Metformin shows chemopreventive potential in Asians with diabetes
Metformin use staves off the risk of developing stomach cancer in a Korean cohort of patients with diabetes mellitus (DM), a study reports.
The population comprised 347,895 Koreans (53.5 percent male), among whom 9,891 (mean age, 56.7 years) had diabetes and used metformin while 14,922 (mean age, 54.4 years) were nonusers; the remaining 323,082 (mean age, 51.7 years) were assigned as non-DM controls.
Individuals with DM, regardless of metformin exposure, were more likely to have higher body mass index, glucose levels, alanine transaminase levels, hypertension history, and lower household income compared with controls.
Over a median follow-up of 12.7 years, 5,621 stomach cancers occurred—74 percent in men and 26 percent in women. Metformin nonusers had the highest estimated cumulative incidence of stomach cancer (men vs women: 3.75 percent vs 1.97 percent), whereas controls logged the lowest (2.54 percent vs 0.95 percent). The corresponding rates among metformin users were 2.91 percent in men and 1.53 percent in women.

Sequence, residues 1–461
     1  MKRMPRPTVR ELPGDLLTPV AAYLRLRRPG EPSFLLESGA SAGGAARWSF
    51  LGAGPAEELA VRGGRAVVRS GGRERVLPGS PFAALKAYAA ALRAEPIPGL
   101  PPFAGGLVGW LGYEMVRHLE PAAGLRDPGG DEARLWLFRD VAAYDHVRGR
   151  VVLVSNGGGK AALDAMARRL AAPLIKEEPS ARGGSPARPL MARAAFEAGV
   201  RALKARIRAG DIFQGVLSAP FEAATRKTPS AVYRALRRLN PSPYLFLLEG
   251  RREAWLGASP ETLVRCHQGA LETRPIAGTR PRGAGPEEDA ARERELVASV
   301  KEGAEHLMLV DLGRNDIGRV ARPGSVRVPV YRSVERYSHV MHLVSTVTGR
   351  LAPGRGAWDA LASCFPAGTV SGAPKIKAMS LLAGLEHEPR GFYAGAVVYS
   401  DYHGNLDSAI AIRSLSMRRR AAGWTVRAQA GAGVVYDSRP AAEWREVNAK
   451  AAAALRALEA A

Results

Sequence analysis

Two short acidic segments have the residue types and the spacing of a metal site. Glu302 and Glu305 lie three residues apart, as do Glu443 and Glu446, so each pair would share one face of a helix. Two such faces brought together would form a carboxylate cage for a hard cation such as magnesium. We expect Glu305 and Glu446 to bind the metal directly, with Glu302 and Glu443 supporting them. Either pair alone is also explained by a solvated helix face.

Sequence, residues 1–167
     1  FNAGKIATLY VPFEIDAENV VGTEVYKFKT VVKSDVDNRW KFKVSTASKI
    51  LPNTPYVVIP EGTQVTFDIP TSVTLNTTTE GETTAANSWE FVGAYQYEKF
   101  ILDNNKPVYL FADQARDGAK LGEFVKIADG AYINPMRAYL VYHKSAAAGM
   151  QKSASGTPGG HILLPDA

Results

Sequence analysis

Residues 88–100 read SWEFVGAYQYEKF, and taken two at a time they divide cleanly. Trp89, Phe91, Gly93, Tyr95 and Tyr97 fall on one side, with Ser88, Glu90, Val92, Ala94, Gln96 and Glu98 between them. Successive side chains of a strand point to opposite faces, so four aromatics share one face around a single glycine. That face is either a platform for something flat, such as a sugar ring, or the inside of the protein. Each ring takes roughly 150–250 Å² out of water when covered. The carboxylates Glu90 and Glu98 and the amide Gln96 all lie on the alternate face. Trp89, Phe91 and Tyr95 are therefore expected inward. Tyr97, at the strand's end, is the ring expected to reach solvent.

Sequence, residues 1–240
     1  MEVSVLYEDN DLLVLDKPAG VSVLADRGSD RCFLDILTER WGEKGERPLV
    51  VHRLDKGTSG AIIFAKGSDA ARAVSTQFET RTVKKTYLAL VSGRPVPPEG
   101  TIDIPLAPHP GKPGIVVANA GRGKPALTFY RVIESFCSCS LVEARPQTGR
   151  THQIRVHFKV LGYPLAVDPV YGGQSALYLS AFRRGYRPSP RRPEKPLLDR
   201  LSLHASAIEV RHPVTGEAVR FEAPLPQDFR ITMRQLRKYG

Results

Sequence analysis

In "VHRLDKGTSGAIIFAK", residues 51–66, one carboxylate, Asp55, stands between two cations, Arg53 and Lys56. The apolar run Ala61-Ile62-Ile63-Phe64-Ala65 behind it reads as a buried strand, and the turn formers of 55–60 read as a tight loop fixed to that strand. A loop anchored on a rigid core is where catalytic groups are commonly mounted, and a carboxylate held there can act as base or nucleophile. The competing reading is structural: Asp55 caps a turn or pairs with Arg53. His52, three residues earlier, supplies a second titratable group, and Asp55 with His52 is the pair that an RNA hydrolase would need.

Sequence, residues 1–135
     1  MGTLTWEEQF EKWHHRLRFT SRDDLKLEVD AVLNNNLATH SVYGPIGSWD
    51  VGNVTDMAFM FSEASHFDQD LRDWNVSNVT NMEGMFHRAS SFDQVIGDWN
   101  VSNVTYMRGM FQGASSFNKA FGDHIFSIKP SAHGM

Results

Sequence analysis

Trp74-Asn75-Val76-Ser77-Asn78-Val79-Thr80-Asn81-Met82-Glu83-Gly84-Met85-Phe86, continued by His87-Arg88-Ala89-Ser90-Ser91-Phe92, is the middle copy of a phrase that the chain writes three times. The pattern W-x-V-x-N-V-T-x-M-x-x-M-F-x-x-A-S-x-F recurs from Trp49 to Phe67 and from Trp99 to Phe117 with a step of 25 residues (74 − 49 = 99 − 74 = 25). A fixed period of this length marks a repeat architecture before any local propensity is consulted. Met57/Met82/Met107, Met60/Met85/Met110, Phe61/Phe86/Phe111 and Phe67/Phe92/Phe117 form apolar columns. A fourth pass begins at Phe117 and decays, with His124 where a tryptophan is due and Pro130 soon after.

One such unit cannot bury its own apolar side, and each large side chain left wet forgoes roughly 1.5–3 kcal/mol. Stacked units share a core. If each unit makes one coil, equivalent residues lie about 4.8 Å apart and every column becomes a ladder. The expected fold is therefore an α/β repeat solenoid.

Multivariable Cox analysis confirmed that both metformin users and controls had a lower risk of developing stomach cancer compared with nonusers. Use of the glucose-lowering drug reduced the risk by about 30 percent in men (hazard ratios [HR], 0.710, 95 percent confidence interval [CI], 0.579–0.870) and women (HR, 0.700, 95 percent CI, 0.499–0.981). The corresponding HRs in controls were 0.879 (95 percent CI, 0.767–1.006) and 0.701 (95 percent CI, 0.544–0.903).
Although unclear, the anticarcinogenic effect of metformin was postulated to be partly mediated by AMPK activation and immune modulation through the mammalian target of rapamycin. [Diabetologia 2017;60:1577-1585; Clin Sci 2012;122:253-270]